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Archive for October, 2011

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October 31st, 2011

Happy Halloween!

Happy Halloween!

It’s that time of year again! Fall (or winter, as we’ve already had our first snow in Boston) is in the air, pumpkins are carved, and little kids everywhere are getting ready to fill their bags with mounds of candy.

Although all of us here at Prompt are a bit too old to go trick-or-treating tonight, the Cambridge Innovation Center is still letting us engage in the Halloween spirit. As an annual tradition, children of CIC tenants dress up and walk around the building, stopping at offices that have signed up to give away candy.

As you can see, we’re fully stocked and excited to see all of the costumes! Nothing’s better than making kids happy with an assortment of candy, as well as sneaking a few pieces for ourselves.

Be safe and have a happy Halloween!

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Posted in Boston, Events, Prompt locations | 1 Comment »

 

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October 25th, 2011

Of course they did: MIT develops radar to see through walls

Of course they did: MIT develops radar to see through walls

At some point we’ve all thought about having super powers. If not as a child, then as an adult – namely the ability to make all your work disappear. I’ve always wanted to be invisible. That seemed unique enough that you wouldn’t find it being mass developed in my life time, unlike a power such as x-ray vision. And thanks to MIT, the most difficult aspect of x-ray vision, seeing through walls, appears to have been overcome.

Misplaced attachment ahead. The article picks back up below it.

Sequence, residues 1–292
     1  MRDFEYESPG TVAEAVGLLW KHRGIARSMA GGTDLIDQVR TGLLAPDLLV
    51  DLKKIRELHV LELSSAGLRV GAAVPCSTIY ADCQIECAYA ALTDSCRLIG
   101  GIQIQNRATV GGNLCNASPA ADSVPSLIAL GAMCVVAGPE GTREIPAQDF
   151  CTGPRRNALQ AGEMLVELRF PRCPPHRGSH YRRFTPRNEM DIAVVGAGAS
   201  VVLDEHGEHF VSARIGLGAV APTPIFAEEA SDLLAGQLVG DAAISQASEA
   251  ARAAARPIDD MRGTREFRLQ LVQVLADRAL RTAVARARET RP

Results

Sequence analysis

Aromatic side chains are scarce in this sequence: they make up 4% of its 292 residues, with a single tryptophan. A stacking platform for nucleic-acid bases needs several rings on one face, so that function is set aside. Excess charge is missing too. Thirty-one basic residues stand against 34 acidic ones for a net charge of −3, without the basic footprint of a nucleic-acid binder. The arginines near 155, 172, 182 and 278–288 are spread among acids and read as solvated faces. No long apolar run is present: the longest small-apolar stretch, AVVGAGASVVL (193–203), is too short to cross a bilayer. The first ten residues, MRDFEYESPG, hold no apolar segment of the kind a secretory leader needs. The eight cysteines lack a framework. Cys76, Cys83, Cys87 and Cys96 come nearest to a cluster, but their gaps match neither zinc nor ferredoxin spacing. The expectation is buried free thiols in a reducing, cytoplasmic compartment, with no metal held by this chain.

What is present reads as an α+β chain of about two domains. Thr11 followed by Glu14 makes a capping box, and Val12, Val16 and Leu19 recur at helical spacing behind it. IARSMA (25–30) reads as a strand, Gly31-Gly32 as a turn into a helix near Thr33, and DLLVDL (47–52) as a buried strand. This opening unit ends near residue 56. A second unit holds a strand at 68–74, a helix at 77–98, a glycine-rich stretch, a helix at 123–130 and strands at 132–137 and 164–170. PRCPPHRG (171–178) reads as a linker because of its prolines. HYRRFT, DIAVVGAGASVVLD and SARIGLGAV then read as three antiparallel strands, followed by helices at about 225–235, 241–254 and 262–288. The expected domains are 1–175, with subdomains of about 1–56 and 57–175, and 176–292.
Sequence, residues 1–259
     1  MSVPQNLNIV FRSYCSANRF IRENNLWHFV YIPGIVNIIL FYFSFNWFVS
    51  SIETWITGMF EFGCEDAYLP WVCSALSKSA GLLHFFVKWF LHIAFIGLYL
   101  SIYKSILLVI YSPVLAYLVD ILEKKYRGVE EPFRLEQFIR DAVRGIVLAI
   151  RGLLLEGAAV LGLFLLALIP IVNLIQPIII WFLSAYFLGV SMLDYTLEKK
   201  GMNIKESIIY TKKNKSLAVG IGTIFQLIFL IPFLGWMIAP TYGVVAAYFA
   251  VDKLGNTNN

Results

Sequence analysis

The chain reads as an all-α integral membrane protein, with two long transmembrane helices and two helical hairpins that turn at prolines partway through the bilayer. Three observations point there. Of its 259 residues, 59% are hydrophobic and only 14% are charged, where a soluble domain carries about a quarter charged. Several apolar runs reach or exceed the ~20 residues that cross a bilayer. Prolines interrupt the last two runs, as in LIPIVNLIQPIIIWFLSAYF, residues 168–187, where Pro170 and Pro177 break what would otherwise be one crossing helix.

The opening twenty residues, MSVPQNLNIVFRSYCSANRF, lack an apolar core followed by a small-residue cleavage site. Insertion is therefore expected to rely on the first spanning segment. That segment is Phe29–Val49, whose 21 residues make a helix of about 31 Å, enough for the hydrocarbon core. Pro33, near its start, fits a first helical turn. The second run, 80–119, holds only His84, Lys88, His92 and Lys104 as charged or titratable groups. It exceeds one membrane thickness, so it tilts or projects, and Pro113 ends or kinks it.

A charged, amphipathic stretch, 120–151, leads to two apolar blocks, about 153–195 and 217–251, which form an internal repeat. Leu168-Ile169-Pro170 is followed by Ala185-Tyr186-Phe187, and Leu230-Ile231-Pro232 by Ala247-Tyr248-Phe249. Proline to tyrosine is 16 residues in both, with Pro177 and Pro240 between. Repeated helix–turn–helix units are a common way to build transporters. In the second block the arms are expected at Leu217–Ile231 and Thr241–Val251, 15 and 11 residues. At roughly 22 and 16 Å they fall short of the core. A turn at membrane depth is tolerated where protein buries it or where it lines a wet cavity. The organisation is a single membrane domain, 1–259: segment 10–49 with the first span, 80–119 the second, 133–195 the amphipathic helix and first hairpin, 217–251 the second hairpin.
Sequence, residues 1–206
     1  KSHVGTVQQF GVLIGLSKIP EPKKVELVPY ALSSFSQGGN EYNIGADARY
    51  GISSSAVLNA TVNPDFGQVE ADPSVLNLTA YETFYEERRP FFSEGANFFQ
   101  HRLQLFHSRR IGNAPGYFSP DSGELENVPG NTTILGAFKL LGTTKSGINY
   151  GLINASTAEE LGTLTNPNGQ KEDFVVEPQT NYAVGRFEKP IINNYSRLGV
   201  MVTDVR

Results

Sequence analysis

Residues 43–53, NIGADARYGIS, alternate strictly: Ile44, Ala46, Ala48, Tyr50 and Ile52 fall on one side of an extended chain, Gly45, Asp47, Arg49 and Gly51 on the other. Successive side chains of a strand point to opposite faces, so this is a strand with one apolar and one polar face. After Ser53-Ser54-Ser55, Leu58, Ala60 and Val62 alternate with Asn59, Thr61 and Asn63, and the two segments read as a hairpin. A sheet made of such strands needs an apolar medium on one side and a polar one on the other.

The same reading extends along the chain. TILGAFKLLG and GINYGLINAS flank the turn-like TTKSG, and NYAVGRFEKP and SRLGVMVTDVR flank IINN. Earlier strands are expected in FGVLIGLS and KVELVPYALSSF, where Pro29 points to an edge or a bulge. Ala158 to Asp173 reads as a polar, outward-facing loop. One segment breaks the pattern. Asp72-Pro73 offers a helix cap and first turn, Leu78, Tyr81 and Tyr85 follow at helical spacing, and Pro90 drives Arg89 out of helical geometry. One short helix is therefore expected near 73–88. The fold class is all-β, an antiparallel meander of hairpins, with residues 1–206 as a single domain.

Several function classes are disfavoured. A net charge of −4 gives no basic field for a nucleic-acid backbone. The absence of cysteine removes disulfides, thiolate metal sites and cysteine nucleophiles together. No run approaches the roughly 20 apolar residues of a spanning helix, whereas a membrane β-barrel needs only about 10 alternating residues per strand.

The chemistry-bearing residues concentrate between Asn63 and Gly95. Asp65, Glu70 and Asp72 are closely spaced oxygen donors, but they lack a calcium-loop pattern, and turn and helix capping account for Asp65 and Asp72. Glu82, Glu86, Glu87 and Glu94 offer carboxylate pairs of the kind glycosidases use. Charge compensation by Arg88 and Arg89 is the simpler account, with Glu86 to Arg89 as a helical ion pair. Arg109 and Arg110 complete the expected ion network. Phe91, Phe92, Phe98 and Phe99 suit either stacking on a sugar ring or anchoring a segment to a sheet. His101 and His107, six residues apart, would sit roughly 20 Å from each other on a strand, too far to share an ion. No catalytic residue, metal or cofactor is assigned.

Researchers at the Lincoln Laboratory have developed new technology, for use primarily in urban combat situations that will allow users to see through walls. Surprisingly, getting the radar to transmit through the walls was not the most difficult part. Instead, making sure the images that came back from the transmission were seen in real-time was the biggest challenge. But thanks to some intelligent filtering, images are now coming through at an acceptable 10.8 frames per second.

Essentially, through computers hooked up to the radar rigs, the device is able to filter out the signals that come back showing the wall and only display the moving objects behind it. Even if a person is standing still, their body is moving slightly and the radar waves will be powerful enough to pick up any movement, up to 60 feet away.

Even though the team behind the technology stated its main use is for urban combat areas, it could potentially be used by emergency response teams. With such advances its only a matter of time before a working invisibility suit comes out and all our childhood super hero dreams come true.

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October 19th, 2011

Media bytes: The New York Times expands online

Media bytes: The New York Times expands online

As a tech PR and comms company, we’re always following the changes in the media world. Our goal is to gain visibility for our clients and the work they do, so when a new publication, or a new blog, or a new section to a newspaper is announced, we take note.